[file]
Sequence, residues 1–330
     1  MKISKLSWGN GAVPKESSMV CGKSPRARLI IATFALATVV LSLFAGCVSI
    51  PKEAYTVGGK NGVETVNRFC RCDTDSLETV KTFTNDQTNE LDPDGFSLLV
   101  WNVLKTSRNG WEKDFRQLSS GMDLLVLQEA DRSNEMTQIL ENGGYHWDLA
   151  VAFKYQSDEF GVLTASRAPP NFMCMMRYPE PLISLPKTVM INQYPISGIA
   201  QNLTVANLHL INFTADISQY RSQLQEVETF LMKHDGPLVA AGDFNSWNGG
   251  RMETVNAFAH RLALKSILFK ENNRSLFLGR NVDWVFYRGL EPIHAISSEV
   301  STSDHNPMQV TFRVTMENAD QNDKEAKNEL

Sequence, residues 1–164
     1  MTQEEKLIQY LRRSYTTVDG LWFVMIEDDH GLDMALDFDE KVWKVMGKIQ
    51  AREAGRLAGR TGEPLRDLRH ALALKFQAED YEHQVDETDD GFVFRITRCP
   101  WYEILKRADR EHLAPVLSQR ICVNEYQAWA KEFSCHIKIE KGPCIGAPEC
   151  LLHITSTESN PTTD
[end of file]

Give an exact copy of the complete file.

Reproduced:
Sequence, residues 1–330
     1  MKISKLSWGN GAVPKESSMV CGKSPRARLI IATFALATVV LSLFAGCVSI
    51  PKEAYTVGGK NGVETVNRFC RCDTDSLETV KTFTNDQTNE LDPDGFSLLV
   101  WNVLKTSRNG WEKDFRQLSS GMDLLVLQEA DRSNEMTQIL ENGGYHWDLA
   151  VAFKYQSDEF GVLTASRAPP NFMCMMRYPE PLISLPKTVM INQYPISGIA
   201  QNLTVANLHL INFTADISQY RSQLQEVETF LMKHDGPLVA AGDFNSWNGG
   251  RMETVNAFAH RLALKSILFK ENNRSLFLGR NVDWVFYRGL EPIHAISSEV
   301  STSDHNPMQV TFRVTMENAD QNDKEAKNEL

Sequence, residues 1–164
     1  MTQEEKLIQY LRRSYTTVDG LWFVMIEDDH GLDMALDFDE KVWKVMGKIQ
    51  AREAGRLAGR TGEPLRDLRH ALALKFQAED YEHQVDETDD GFVFRITRCP
   101  WYEILKRADR EHLAPVLSQR ICVNEYQAWA KEFSCHIKIE KGPCIGAPEC
   151  LLHITSTESN PTTD